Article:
Although BPA ethoxylate incorporation did not have a significant effect on corrosion protection, it did enhance adhesion to metal substrates, which can be found in peel strength test result of PUD 6.



The object of this study was to evaluate the effectiveness of different modifications on anti-corrosive performance. Straight PUDs were used to prepare DTM coatings with only small amounts of additives and without the assistance of corrosion inhibitors, passivation fillers or pigments. Each modification was reviewed and discussed by comparing the coating performance for water exclusion, adhesion and how they correlated to corrosion protection. The effective barrier properties achieved by introducing hydrophobic building blocks and organosilane could dramatically reduce the penetration of water and ions, resulting in improved anti-corrosive performance and early water resistance. However, these two modifications both showed a negative impact on adhesion to metal substrates; incorporation of BPA alkoxylate could be a solution for adhesion enhancement.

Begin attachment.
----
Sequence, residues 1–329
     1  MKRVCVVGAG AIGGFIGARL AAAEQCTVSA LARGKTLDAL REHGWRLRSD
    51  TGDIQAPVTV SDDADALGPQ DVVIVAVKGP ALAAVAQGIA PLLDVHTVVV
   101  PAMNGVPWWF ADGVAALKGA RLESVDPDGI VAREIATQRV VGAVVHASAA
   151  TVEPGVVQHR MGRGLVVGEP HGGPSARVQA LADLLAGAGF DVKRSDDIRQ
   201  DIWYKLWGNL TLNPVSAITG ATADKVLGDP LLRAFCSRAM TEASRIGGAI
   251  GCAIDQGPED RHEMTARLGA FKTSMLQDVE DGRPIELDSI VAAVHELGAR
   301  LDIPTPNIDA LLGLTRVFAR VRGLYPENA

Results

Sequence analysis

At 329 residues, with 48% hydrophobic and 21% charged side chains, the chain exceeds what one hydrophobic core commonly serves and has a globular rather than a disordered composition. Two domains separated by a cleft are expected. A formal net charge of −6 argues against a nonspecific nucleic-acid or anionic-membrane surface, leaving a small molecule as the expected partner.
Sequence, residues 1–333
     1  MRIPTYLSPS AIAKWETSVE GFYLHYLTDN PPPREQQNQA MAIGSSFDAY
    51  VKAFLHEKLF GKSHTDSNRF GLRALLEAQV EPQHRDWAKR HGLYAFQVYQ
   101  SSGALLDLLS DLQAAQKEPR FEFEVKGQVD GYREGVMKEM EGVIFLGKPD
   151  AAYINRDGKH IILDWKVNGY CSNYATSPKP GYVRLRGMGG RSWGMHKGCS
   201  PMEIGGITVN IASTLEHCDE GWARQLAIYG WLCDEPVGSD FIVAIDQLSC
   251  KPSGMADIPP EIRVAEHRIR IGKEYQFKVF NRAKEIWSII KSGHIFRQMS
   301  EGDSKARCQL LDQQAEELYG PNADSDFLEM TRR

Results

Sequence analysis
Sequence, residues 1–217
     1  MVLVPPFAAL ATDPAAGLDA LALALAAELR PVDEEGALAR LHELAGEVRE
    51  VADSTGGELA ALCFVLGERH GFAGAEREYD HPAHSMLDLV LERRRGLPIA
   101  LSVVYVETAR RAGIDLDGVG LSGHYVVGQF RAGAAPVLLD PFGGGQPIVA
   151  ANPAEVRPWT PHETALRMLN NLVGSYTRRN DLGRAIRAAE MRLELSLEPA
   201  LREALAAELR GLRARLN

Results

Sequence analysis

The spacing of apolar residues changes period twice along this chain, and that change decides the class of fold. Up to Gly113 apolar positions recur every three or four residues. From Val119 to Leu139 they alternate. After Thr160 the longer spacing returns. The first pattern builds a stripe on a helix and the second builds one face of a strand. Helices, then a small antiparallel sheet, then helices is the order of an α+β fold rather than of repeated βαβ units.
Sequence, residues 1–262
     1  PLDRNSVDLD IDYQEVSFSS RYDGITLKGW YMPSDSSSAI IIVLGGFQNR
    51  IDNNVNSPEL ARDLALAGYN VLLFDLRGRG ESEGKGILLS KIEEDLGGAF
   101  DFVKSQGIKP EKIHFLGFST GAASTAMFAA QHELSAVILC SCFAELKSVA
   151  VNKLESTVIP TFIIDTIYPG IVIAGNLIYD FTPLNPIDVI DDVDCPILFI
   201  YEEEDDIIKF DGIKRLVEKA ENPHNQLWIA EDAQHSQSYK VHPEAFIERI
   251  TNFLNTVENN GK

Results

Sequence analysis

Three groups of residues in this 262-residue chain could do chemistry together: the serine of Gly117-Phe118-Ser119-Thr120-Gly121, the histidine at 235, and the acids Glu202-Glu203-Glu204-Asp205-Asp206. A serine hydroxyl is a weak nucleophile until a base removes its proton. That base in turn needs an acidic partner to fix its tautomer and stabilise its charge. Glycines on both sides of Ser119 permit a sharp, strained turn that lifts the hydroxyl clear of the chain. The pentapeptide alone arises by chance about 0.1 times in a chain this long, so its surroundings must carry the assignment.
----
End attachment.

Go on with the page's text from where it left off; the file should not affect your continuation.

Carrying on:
While solvent-based coatings still dominate the protective coatings market, research efforts to improve the performance of waterborne binders through polymer architecture and morphology design, hydrophobic embedment and corrosion-inhibiting function groups have demonstrated commercial success in styrene-acrylic latex and alkyd emulsion-based systems.